You have probably heard the saying before: A clean house is a sign of a wasted life. Whatever else the phrase means, it expresses some of the frustration and the sense of futility that attends life in this world. I thought of that saying when I spotted this proverb: “Where there are no oxen, the manger is clean, but abundant crops come by the strength of the ox” (Proverbs 14:4). A little bit of research shows that commentators are divided on exactly what it means, but I think one of the explanations rises to the top.
According to this explanation, the proverb is about the messiness of a life well-lived. Tremper Longman says the moral is that “a productive life is a messy life.”
I love productivity. At least, I love productivity when it is properly defined—as effectively stewarding your gifts, talents, time, energy, and enthusiasm for the good of others and the glory of God. By this definition, each one of us, no matter our vocation, ought to pursue productivity with all the vigor we can muster. And if you do that, it is inevitable that along the way you will accumulate some mess. You cannot focus your time, attention, gifts, energy, and enthusiasm toward noble goals while still keeping every corner of life perfectly tidy.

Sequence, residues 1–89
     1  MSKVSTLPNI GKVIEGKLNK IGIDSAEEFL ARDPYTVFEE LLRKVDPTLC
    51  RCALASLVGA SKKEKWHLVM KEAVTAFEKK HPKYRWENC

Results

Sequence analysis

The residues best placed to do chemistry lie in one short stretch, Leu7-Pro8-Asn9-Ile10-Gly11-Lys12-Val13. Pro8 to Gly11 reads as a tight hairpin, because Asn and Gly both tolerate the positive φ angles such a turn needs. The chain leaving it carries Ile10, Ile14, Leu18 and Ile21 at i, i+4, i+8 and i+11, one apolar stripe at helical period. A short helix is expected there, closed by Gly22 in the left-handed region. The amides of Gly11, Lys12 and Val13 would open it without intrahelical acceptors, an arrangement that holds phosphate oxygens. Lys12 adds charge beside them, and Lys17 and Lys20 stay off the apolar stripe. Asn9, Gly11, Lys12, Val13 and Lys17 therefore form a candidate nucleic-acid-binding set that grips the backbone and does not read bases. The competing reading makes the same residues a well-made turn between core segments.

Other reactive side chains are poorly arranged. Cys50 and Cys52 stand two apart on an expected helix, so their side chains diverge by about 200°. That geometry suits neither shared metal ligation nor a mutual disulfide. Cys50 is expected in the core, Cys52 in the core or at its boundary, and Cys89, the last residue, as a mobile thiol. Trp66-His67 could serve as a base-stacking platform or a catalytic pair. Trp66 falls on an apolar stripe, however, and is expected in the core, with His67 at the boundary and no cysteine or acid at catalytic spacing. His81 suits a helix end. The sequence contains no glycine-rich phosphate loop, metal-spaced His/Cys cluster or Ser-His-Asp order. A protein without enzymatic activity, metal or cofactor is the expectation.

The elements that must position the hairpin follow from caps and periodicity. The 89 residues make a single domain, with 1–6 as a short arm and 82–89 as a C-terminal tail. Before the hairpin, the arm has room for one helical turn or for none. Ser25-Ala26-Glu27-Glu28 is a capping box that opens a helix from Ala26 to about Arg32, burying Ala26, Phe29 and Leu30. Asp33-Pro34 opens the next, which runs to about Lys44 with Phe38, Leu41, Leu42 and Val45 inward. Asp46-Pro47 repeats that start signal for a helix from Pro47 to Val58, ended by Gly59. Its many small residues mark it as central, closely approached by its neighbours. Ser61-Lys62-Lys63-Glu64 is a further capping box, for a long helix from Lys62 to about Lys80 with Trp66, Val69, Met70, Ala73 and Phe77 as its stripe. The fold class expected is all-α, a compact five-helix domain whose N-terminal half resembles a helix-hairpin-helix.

The pastor’s desk will at times be crammed with books and papers. The baker’s counter will sometimes overflow with pots and pans and flour and sugar. The mechanics’s hands will be stained with grease and his shop will need a daily once-over with the power washer. And the home—the home will at times be messy and cluttered and downright embarrassing.
Longman says, “One desires a neat and tidy life, just as the ideal stall would be clean. However, a clean stall by the nature of things would mean an empty stall since oxen do not have to be in a stall long before it is messy. However, without oxen there is no productivity.”
We could as easily say that one desires a neat and tidy house, just as the ideal stall would be clean. However, a clean house by the nature of things might just mean an empty house since children and husbands and houseguests and those neighborhood kids do not have to be in the house long before it is agonizingly messy. However, without all of those people there is no productivity—no true, biblical productivity—, no children to care for, no friends to counsel, no hospitality to extend.
Like so much else in this life, you cannot have it all. You cannot have perfect order and perfect productivity.
Like so much else in this life, you cannot have it all. You cannot have perfect order and perfect productivity. You cannot have a home that is warm and full and inviting, you cannot have every child fed and cared for, while also having every dish done and every sock laundered. You just can’t. Of course this isn’t to excuse slovenliness or laziness. But you need to understand what Derek Kidner says, that “Orderliness can reach the point of sterility. This proverb is [a plea for] the readiness to accept upheaval, and a mess to clear up, as the price of growth.” Growth, or productivity, as the case may be. Is a clean house proof of a wasted life? Not at all. But a tidy house isn’t necessarily evidence of a well-lived life.
If you do the things God tells you to do, messes will inevitably follow. But take heart: According to the wisest man who ever lived, these messes are not proof of a wasted life, but of a productive one.